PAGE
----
Tennessee has agreed to filter computer networks for unauthorized music downloads at the state's colleges and universities.
Tennessee Gov. Phil Bredesen signed into law a bill designed to thwart music piracy at the state's campuses, the Recording Industry Association of America said on its Web site.
The bill requires Tennessee public and private schools exercise "appropriate means" to ensure that campus computer networks aren't being used to download copyright material via peer-to-peer file-sharing programs, the RIAA said.
"Upon a proper analysis of the network," the RIAA continued, "those institutions are required to implement technological support and develop and enforce a computer network usage policy to effectively limit the number of unauthorized transmissions of copyrighted works."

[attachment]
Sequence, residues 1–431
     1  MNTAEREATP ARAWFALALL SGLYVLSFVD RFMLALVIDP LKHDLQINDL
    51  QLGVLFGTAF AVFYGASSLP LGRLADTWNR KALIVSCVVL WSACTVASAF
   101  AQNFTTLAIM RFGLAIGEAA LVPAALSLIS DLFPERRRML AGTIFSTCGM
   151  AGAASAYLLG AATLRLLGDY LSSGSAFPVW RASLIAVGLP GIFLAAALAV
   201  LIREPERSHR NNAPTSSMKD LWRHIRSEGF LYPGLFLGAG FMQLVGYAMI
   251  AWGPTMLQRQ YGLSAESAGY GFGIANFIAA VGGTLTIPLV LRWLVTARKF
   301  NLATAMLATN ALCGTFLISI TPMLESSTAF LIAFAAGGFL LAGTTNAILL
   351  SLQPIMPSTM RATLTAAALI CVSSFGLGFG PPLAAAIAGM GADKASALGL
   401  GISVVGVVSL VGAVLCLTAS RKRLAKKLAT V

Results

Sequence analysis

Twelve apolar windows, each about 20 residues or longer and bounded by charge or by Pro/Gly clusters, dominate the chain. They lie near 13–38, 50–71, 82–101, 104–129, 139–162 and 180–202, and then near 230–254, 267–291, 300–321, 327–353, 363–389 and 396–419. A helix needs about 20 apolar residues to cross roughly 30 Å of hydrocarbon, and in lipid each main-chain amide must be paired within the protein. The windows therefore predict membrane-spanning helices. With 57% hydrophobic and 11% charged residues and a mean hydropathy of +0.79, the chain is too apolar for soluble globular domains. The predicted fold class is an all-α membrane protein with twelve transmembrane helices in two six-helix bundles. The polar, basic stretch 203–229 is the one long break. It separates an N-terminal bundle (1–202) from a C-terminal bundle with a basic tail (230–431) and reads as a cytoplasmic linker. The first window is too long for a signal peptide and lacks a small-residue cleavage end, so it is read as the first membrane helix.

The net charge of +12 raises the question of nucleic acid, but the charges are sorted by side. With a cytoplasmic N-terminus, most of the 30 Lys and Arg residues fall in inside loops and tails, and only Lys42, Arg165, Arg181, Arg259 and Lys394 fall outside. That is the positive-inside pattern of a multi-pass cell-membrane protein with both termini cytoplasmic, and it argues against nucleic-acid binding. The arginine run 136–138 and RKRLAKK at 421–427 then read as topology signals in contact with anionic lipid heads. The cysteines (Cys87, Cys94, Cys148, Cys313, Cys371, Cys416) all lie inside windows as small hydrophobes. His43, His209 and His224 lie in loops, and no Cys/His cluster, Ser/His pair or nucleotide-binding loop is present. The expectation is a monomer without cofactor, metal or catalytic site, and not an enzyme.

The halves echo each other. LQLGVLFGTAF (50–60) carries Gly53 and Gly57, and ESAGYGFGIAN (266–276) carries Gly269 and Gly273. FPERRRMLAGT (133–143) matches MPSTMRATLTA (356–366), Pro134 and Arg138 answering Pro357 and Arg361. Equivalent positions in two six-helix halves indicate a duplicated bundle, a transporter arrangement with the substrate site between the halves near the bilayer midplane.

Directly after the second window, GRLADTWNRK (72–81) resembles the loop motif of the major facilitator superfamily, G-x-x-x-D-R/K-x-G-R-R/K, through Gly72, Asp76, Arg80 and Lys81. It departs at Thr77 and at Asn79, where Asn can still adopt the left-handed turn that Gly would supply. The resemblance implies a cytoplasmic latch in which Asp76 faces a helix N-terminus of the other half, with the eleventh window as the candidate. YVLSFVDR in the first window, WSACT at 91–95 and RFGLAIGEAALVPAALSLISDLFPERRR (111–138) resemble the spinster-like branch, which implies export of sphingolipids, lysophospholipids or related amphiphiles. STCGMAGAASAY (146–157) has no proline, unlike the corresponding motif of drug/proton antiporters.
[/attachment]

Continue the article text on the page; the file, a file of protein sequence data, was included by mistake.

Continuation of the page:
The Electronic Frontier Foundation, an Internet-user advocacy group, called the law "ridiculous," and said the costs of enforcing it would top $9 million.
"The entertainment industry lobby seems to be succeeding, bit-by-bit in persuading legislators to coerce universities into buying 'infringement suppression' technologies," the EFF said in a blog post, adding that these technologies are expensive and "won't stop file sharing on campus networks."
The RIAA said that a 2007 Student Monitor survey found that more than half of college students download music and movies illegally.
A friend of mine, Patricia Montesinos, a senior at the University of Tennessee, said Tuesday she's seen no notifications yet from the school about filtering.